13) HOW TRUE IT IS! Any wrong answer could easily cost you thousands. What's worse, still, is that there are easily a hundred salary questions, not just these thirteen, that could cost you big bucks. QUIZ

I hope you have had fun taking the quiz and getting the "point"!   Namely, that you can leave lots of money on the negotiating table if you don't do it right.

Three comments are appropriate here.
  • An interesting note: I have actually made most of these mistakes; in fact, I've probably made every mistake anyone can ever make in negotiating. I used to be a terrible negotiator (I'm still better negotiating for others and coaching others than I am for myself. Ahh, "the cobbler's children..." But I digress.). I think that's actually why I can coach this process so well: I am intimately and personally acquainted with every way you can cop out, cave in, agree too soon, be unprepared, etc. I didn't learn this in an ivory tower, I learned it with my wallet.
  • It is my fond hope that you can avoid the "trial and error" method of learning that I used (they don't call it "Trial and Success," do they!) by learning the right way to do things from this website and from Negotiating Your Salary: How to Make $1000 a Minute.
  • This salary negotiation thing is either very lucrative (if you do it right) or expensive (if you flub it up). QUIZ
ANSWERS "On the Fly" TO Salary Negotiation Tutorial
'One-at-a-Time" version.

1) TRUE. A poorly negotiated salary will generally show up as a poor attitude at work. That affects your performance and your chances for raises or promotions. (Covered in chapter one.) QUIZ
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2) FALSE If you're overpaid, you want to know why. It won't last anyway, so the proper thing to do is accept it and then explore the rationale for the compensation to make sure it's not a mistake. (Chapter two.) QUIZ
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3) FALSE Most employers like to know what you're earning because they're worried that you won't last if they can't give you an increase; however, your best move is to delay any talk of salary until you know what exactly is entailed in the job. Otherwise, you could be screened out as too high or too low. (Chapter three.) QUIZ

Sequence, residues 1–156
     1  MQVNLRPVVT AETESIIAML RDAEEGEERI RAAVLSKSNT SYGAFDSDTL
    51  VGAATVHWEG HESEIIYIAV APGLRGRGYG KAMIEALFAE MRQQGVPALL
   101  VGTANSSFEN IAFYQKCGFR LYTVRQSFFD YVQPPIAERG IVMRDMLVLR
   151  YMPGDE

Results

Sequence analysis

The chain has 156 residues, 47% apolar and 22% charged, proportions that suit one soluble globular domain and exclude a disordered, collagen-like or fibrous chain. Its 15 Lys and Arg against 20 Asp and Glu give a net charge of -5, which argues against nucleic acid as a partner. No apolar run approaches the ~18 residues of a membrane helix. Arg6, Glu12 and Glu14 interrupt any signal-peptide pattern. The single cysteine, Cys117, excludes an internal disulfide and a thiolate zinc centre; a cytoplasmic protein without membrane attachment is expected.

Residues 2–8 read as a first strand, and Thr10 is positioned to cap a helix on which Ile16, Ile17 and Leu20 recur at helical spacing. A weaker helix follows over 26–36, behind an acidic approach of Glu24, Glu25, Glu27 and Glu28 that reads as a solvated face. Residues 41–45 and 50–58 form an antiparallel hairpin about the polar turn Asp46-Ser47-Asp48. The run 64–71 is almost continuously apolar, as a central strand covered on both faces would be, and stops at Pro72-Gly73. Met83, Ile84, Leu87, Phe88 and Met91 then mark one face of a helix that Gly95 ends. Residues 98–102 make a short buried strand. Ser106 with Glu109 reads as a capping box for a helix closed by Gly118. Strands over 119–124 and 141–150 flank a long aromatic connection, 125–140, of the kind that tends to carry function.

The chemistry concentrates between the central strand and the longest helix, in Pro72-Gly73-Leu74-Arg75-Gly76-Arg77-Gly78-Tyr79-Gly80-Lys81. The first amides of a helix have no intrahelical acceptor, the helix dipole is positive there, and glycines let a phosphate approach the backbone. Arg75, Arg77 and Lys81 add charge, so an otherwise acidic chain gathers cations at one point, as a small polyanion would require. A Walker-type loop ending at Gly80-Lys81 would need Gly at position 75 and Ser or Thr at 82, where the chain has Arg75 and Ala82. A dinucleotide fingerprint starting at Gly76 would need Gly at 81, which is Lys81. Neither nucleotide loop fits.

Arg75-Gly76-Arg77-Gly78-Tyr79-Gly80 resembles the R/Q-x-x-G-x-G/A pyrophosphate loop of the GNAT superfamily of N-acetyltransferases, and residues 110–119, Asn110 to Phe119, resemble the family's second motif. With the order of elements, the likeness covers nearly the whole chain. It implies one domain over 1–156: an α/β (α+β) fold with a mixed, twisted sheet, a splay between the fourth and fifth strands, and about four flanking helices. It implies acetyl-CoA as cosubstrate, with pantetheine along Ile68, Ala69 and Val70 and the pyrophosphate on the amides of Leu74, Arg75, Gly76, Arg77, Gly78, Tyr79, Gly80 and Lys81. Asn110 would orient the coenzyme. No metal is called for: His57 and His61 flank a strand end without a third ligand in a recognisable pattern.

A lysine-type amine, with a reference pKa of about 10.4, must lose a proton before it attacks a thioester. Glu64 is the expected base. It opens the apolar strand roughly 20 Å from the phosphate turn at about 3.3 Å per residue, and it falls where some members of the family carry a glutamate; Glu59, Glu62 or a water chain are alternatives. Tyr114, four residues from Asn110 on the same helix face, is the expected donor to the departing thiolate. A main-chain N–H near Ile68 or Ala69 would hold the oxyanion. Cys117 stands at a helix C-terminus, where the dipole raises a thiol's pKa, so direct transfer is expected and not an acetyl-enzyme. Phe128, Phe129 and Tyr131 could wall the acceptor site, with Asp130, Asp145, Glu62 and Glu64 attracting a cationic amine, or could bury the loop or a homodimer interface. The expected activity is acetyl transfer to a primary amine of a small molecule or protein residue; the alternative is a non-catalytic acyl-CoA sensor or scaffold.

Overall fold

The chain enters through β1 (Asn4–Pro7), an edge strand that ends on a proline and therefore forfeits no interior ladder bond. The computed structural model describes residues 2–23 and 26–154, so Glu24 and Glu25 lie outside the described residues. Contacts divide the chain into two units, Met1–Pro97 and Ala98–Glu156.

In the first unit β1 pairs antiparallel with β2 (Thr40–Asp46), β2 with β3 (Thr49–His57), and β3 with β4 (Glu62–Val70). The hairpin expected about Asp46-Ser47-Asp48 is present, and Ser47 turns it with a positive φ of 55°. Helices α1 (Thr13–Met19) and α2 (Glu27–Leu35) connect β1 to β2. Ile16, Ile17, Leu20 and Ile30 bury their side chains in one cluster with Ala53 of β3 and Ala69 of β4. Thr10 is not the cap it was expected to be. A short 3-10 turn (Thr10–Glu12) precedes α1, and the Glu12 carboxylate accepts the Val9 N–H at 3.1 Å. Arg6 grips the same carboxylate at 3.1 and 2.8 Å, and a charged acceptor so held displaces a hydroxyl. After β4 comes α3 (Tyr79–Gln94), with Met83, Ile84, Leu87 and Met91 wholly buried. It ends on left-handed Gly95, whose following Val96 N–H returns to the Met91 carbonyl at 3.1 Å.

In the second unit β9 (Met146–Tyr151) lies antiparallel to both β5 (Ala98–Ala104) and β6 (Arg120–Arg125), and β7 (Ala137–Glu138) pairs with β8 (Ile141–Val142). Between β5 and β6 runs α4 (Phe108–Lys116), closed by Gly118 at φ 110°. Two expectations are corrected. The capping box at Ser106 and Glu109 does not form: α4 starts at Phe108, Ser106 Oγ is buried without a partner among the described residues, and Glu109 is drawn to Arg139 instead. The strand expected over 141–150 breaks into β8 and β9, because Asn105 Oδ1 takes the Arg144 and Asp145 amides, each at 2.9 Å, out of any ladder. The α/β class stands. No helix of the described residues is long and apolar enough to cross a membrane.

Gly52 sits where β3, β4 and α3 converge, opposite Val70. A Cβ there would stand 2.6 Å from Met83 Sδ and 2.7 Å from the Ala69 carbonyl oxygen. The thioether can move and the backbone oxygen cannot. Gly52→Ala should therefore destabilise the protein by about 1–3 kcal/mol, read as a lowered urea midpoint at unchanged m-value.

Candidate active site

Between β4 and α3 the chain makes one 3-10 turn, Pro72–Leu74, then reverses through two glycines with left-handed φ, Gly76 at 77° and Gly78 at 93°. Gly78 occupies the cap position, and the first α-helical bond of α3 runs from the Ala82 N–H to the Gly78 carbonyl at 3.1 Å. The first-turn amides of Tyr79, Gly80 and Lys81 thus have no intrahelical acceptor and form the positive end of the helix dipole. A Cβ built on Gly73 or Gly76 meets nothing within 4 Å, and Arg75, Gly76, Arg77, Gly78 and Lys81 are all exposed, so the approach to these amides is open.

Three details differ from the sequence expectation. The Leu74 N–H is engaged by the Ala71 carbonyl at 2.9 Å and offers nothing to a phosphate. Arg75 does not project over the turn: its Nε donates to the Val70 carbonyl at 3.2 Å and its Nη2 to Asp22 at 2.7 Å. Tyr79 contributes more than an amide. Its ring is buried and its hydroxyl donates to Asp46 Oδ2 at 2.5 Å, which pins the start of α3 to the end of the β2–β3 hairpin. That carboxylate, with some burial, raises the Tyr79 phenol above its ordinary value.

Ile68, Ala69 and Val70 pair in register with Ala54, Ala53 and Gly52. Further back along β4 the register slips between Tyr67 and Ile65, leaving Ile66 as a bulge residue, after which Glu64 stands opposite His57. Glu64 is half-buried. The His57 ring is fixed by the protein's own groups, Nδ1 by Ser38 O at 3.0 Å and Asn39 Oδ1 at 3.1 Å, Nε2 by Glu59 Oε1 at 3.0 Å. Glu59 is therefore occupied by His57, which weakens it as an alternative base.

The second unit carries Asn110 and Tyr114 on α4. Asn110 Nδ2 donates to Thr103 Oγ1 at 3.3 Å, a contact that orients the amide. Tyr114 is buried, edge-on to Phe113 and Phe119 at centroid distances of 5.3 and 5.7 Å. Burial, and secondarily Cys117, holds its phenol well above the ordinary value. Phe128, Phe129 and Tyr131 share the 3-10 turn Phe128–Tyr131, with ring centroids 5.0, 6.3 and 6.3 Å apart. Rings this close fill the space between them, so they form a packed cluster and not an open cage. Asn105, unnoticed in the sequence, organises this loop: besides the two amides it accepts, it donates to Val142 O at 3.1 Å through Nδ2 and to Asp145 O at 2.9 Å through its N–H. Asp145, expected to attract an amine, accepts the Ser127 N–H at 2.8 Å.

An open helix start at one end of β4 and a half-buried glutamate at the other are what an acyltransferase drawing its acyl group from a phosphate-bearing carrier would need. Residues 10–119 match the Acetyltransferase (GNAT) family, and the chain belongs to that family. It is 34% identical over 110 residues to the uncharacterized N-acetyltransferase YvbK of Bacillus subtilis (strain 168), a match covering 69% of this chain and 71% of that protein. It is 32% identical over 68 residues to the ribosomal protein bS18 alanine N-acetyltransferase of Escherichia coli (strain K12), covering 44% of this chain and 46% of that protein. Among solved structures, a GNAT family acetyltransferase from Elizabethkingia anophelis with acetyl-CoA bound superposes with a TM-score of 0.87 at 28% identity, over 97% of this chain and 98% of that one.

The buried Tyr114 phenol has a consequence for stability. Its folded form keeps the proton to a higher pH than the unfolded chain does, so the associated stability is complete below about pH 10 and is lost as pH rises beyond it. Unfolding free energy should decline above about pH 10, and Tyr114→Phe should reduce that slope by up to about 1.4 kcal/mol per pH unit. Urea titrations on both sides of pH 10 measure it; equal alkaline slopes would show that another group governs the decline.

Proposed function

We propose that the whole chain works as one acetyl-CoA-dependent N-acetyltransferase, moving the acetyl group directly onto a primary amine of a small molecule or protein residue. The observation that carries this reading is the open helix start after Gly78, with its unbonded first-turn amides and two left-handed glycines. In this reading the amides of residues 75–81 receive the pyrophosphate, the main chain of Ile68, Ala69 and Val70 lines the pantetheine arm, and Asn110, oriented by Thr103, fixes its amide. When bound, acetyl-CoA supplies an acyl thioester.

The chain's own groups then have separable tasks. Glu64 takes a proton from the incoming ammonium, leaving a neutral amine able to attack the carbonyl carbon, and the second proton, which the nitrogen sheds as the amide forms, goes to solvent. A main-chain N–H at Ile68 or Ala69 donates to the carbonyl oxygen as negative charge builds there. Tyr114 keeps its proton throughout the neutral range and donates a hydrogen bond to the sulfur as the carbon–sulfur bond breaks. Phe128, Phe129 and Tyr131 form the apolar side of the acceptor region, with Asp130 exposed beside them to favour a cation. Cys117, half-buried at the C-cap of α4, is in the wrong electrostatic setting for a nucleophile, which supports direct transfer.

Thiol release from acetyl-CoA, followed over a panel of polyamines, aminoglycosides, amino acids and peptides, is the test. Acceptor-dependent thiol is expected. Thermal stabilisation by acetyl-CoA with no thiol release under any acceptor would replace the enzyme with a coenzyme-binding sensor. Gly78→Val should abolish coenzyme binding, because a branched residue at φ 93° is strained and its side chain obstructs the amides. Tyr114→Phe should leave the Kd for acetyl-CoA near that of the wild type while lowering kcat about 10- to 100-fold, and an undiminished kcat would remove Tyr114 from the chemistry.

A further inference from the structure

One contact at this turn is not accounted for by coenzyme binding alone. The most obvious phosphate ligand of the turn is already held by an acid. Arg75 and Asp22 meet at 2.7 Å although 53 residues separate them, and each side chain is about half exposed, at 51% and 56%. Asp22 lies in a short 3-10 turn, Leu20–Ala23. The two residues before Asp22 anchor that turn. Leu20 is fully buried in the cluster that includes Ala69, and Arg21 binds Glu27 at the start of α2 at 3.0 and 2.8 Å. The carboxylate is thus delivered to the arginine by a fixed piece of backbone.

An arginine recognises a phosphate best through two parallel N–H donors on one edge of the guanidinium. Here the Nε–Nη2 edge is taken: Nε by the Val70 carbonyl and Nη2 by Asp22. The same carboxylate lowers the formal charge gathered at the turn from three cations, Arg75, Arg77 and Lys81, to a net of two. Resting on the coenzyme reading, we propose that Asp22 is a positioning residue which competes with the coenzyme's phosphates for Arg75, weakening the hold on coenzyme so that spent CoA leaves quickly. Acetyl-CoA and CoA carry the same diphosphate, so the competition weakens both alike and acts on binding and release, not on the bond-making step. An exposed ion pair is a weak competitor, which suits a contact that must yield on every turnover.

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4) FALSE Don't interview just for "practice," but do interview. Explore where or how the job could be expanded to meet your level of competence and compensation. (Chapter three.) QUIZ
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5) FALSE At the time of final compensation, you should not start; let them go first. (Chapter four.) QUIZ
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6) FALSE There are many ways benefits and perks can make the whole package acceptable when the base salary is low. (Chapter seven.) QUIZ
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7) FALSE There are three components that determine your fair market value. (Chapter five.) QUIZ
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8) FALSE Straight commission is the safest kind of compensation. It is acceptable in many situations, regardless of experience level. (Chapter seven.) QUIZ
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9) TRUE Ten percent more earnings over a career lifetime adds up to over a million dollars. (Chapter one.) QUIZ
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10) TRUE Most of the time, it will give you points for being straightforward. There is some caution about letting your past earnings box you in, though. (Chapter eight.) QUIZ
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11) FALSE Inflating your earnings is a bad idea. It has all sorts of potential dangers. The best strategy is to avoid discussion of your earnings at all until there's an offer. (Chapter three.) QUIZ
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|
|
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12) FALSE The goal in a raise negotiation is to exceed that percentage if there's evidence that your market value supports the request. Often, that will look like a change of title which is "exempt" from the percent-range set for raises because it is not a "raise"; it is a new salary for a new job. QUIZ
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|
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13) HOW TRUE IT IS! Any wrong answer could easily cost you thousands. What's worse, still, is that there are easily a hundred salary questions, not just these thirteen, that could cost you big bucks. QUIZ

I hope you have had fun taking the quiz and getting the "point"! Namely, that you can leave lots of money on the negotiating table if you don't do it right.

Three comments are appropriate here.

  • An interesting note: I have actually made most of these mistakes; in fact I've probably made every mistake anyone can ever make in negotiating. I used to be a terrible negotiator. (I'm still better negotiating for others and coaching others than I am for myself. Ahh, "the cobbler's children..." But I digress.)  I think that's actually why I can coach this process so well: I am intimately and personally acquainted with every way you can cop out, cave in, agree too soon, be unprepared, etc. I didn't learn this in an ivory tower, I learned it with my wallet.
  •   
  • It is my fond hope that you can avoid the "trial and error" method of learning that I used (they don't call it "Trial and Success," do they!) by learning the right way to do things from this website and from Negotiating Your Salary: How to Make $1000 a Minute.
  •   
  • This salary negotiation thing is either very lucrative (if you do it right) or expensive (if you flub it up). QUIZ